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#06-333 December 11, 2006

Wild turkey reproduction in state poor this summer

Based on a S.C. Department of Natural Resources survey, reproduction by wild turkeys was poor for the second year in a row, according to a state wildlife biologist.

Annually since the early 1980s, the S.C. Department of Natural Resources (DNR) conducts a Summer Turkey Brood Survey to estimate reproduction and recruitment of turkeys in South Carolina. The survey involves agency wildlife biologists, technicians and conservation officers, as well as many volunteers from other natural resource agencies and the general public.
           
As was the case last year, it appears that wild turkey reproduction was poor to very poor in most regions and statewide, according to Charles Ruth, DNR Deer and Turkey Project supervisor. Although wild turkeys nest primarily in April and May in South Carolina, the survey does not take place until late summer. Therefore, the survey statistics document poults (young turkeys) that actually survived and entered the population going into the fall. Although average brood size was good with hens averaging 3.4 poults, 50 percent of hens observed had no poults at all by late summer leading to a total recruitment ratio of 1.7. Recruitment ratio is a measure of young entering the population based on the number of hens in the population.
           
“In the Southeast,” Ruth said, “Mother Nature often plays a big role in turkey populations with heavy rainfall and/or cool temperatures during the spring nesting and brood rearing season leading to poor reproductive success.” However, that does not appear to be the case in 2006. Comparing climatic data from this year with historic data indicates that temperatures were at or above normal and rainfall was below normal during the nesting and brood rearing period. In other words, environmental conditions were such that reproduction in turkeys should have been better.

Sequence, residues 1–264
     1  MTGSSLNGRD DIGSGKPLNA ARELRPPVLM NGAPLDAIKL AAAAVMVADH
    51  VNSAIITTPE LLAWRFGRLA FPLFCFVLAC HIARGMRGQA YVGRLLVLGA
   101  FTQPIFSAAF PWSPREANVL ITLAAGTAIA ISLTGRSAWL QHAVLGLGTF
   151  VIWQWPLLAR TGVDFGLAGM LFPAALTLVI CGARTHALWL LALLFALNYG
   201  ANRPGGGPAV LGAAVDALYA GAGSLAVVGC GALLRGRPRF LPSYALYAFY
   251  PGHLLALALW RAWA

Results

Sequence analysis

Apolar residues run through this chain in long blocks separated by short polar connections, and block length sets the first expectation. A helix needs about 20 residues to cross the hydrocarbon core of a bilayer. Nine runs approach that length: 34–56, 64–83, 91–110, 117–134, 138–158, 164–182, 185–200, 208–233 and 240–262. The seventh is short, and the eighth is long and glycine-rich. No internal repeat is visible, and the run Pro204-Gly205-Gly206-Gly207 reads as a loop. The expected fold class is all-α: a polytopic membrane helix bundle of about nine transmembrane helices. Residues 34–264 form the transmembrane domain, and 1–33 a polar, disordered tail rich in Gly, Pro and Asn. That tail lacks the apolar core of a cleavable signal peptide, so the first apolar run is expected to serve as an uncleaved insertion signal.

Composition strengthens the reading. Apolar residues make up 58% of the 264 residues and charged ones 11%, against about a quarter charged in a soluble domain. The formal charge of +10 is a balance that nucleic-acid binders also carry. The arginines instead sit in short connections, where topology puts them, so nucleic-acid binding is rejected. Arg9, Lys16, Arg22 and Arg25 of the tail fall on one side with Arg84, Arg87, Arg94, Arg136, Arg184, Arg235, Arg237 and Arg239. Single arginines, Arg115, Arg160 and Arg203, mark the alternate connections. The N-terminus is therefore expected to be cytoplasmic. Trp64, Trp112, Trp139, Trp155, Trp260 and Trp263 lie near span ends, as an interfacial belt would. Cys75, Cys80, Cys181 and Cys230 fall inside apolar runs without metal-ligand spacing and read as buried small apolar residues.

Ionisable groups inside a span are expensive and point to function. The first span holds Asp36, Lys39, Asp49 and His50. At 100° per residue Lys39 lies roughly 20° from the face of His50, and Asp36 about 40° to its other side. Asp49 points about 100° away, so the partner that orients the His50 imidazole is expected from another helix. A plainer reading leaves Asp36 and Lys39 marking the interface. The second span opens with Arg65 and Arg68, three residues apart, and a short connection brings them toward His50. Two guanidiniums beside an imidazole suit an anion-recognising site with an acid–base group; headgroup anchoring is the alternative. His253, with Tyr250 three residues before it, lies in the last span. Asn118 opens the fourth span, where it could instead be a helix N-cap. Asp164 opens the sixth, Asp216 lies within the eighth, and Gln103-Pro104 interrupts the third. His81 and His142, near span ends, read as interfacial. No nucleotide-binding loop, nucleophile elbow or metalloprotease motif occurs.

“Perhaps we have reached a point in time where the relationship between the turkey population and habitat is simply not as good as it was when turkeys were expanding across the state,” said Ruth.
           
According to the survey, the Northern Coastal Plain experienced the best reproduction in 2006, with counties including Berkeley, Clarendon, and Williamsburg fairing better than most other parts of the state.
           
What does poor reproduction by turkeys for two consecutive years mean for the spring turkey hunter? “With poor reproduction the last two years the number of mature gobblers (2 years and older) available during the spring of 2007 will likely be low across most of the state,” Ruth said.

“Reproduction was good in 2004, but birds produced then have been subjected to two hunting seasons in addition to other mortality factors. Not only is the number of adult gobblers expected to be down in 2007, the survey results indicate that the number of jakes (immature gobblers) will be low as well. This is significant because jakes can make up 25 percent of the spring harvest following years of good reproduction.”
           
The statewide turkey population is estimated at 90,000 birds, which is good, but with two years of poor reproduction this figure is the lowest in recent years.
           
“The bottom line,” Ruth said, “is that it will likely take a couple of years of better reproduction to overcome poor reproduction the last two years.”
           
Hunters often wonder why DNR does not promote or schedule a fall turkey season, and although there are a number of considerations, poor reproduction like that experienced the past two springs is a very important factor.
           
“Bear in mind that hunting turkeys in the fall differs drastically from spring gobbler hunting, which is familiar to most hunters,” Ruth said. “Not only do hunting and calling techniques differ, fall seasons typically allow hunters to take hens or gobblers. Although DNR monitors turkey reproduction annually, the information is not available until about the same time a fall turkey season would be underway, so it is too late to schedule a fall season based on reproductive success or sound biology. DNR could simply schedule a fall season without regard to reproductive data, but harvesting hens following a summer with poor reproduction would further depress the number of hens potentially leading to a rapid decline in turkeys.”

About 45,000 hunters participate in the spring turkey season, contributing around $16 million to the state’s economy annually.   
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